How many carbs should you consume?

Now here comes the question everybody has been waiting for! How many carbs should you consume? There is no simple answer to this question. Let’s start with the status quo.

With our typical western pattern diet we consume ca. 55% of our calories from carbs. 20% of our daily calorie consumption comes from added sugar, mainly from sweetened beverages like soft drinks.

The WHO (world health organization) recommends cutting your calorie consumption from added sugars to a maximum of 10%. You should simply avoid these kinds of foods.

The recommendations for calorie consumption from carbs vary a lot! While WHO recommends 55-75% the institute of medicine recommends 45-65%.

If you are on a keto diet or an Atkins diet you will only consume ca. 5% of your total energy from carbs. This works very well for some people, and there is nothing wrong with per se. Many people have great results with these diets and if you choose your dishes wisely you can have a very healthy lifestyle with these. Carbs are not essential for your body. You can take your energy also from fatty acids or protein, so it works to cut your carbs almost completely… It is more the question if this is necessary. In our opinion, it is not, because you need to follow a very strict plan and exclude a lot of healthy dishes, while you can also have great weight loss results with higher consumption of carbs. Finally, it is your decision on what diet works best for you. If it is easy for you to cut carbs and you like keto, the go for it! You can always give it a try.

So summarized, there is no simple answer to how many carbs you should consume. It is how and when you consume your carbs that matters a lot, and this brings us to the next point.

Good carbs & bad carbs

This is the most important chapter of this article. I want you to read this part very carefully because it contains some very important information for your diet.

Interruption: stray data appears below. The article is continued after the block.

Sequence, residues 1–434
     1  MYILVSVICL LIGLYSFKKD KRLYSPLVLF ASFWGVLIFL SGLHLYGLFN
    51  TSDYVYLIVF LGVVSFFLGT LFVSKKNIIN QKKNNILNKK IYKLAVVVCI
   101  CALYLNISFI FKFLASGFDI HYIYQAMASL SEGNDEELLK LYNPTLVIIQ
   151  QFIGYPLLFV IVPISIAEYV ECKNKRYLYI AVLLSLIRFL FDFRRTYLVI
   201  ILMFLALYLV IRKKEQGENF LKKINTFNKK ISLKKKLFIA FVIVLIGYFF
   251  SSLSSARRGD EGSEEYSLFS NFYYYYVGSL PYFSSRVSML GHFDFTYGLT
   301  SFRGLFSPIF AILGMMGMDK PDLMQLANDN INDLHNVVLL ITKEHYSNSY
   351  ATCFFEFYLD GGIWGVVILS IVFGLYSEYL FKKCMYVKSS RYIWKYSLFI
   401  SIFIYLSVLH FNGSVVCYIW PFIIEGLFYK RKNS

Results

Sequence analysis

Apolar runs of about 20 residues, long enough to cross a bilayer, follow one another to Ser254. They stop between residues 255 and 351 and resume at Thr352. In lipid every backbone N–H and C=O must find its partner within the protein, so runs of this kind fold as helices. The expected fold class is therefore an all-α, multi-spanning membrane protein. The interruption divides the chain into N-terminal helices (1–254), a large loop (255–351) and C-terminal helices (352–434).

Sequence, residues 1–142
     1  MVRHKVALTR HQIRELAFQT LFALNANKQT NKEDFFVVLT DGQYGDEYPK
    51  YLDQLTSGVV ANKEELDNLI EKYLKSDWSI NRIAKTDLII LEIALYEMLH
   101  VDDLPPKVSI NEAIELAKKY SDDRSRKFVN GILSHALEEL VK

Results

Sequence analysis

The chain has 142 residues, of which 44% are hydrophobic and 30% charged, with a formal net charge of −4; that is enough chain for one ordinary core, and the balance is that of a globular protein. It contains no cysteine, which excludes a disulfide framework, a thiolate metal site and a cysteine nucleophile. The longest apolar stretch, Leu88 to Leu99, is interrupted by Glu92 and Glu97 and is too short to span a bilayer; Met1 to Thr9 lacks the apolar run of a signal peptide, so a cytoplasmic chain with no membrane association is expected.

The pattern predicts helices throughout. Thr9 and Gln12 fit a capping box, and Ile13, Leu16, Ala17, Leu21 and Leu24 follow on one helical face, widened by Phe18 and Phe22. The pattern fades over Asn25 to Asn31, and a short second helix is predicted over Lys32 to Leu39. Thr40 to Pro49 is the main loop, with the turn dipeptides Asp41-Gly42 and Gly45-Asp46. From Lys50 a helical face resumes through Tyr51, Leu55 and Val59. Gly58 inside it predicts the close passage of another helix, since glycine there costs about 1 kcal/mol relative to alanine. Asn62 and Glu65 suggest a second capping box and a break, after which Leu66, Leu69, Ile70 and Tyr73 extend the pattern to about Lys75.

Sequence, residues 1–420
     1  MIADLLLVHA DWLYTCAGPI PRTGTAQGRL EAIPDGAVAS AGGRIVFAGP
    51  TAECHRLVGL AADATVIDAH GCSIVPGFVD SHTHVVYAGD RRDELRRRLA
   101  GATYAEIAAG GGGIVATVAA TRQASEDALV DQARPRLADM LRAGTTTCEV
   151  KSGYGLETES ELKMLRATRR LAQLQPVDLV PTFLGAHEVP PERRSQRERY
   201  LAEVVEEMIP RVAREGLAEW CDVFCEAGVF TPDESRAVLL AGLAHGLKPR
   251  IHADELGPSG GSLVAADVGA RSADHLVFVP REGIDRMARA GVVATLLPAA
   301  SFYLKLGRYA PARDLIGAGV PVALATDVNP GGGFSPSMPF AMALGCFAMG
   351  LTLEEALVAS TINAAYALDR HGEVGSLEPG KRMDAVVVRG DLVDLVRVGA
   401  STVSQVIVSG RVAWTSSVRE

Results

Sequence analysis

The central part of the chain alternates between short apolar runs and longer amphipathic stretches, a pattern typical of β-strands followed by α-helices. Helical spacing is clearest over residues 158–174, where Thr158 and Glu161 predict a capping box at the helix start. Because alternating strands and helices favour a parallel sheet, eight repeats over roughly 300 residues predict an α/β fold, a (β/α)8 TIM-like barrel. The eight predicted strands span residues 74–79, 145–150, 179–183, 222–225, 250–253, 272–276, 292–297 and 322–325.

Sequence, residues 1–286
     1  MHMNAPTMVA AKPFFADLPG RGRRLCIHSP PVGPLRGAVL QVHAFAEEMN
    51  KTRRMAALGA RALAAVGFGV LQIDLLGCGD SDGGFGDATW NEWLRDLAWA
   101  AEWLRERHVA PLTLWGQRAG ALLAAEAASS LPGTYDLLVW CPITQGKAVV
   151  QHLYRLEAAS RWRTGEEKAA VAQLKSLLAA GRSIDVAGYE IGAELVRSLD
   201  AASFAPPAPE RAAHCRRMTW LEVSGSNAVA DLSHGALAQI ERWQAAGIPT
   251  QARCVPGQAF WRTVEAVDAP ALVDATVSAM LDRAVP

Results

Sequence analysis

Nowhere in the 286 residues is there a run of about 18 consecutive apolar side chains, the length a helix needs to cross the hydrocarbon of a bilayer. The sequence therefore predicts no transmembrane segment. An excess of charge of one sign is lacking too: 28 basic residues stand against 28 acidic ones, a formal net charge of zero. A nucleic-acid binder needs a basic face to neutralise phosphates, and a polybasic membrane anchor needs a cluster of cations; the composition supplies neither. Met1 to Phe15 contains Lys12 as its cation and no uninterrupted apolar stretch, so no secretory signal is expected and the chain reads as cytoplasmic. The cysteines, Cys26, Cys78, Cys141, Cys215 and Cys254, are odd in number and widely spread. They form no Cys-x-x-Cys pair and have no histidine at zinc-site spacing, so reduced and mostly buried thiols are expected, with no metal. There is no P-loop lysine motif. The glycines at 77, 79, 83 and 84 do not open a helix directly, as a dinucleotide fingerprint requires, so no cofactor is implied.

When it comes to carbs it is all about quality!

I already pointed out, that you should absolutely avoid added sugar or simple sugar in your diet. It gives you these sugar flashes that trigger unnecessary snacking, weight gain, and even diabetes and cardiovascular problems in the long run. Cut this stuff. Avoid it completely.

Switch to healthier polysaccharides from “whole carbs” instead. A natural polysaccharide like starch cannot be metabolized immediately by your body. Your body needs to break down the chains first, which takes time. Your blood sugar level and your energy will not experience this sharp up and down like with added sugar. It is more a soft increase in energy that keeps for a longer time. No craving for sugar, no blood sugar roller coaster. The next picture gives you a graphical explanation of this difference.

There is nothing bad about the consumption of “good carbs” from natural polysaccharides. I want you to think about this point. You do not need to cut carbs completely as long as you stay with healthy carbs! Moreover, these kinds of foods contain healthy vitamins and minerals, whereas added sugar contains only “empty calories” without any beneficial nutrients.   

I want to give you a list of foods that contain good carbs and another list that contain foods with bad carbs. You can use these lists to search for healthy food and make a good choice of source for your carbohydrates.  

Foods with good carbs:

  • Whole grain products
  • Potatoes, sweet potatoes
  • Lentils, kidney beans, peas
  • Whole fruits like bananas, strawberries, apples
  • Seeds like Chia seeds or pumpkin seeds

Foods with bad carbs:

  • Sweetened drinks
  • Syrups and concentrated fruit juices
  • White bread
  • Pastries, cookies, cakes
  • Sweet snacks like chocolate, candies, ice cream, etc.
  • French fries and potato chips

The bottom line

Carbs can give your body fast energy and are not bad per se. You should avoid processed food with added sugar as this kind of carbs get your metabolism out of balance and increase the risk of weight gain and even diseases. Differentiate between bad carbs and good carbs and switch your carbs consumption to healthy sources like whole grains, potatoes, seeds, and whole fruits, etc.

The total amount of carbs that you consume is not as essential for your body weight as the quality or source of carbs. You need to find a level that suits your lifestyle and diet.

You can try a low carb diet and see if this works for you. However, keep in mind that it is not necessary to cut carbs completely if you want to lose weight. Finally, it is your total calorie consumption that counts. 

Search for good carbs and avoid added sugar and processed food!



Diet Health Weight loss

← Older Post Newer Post →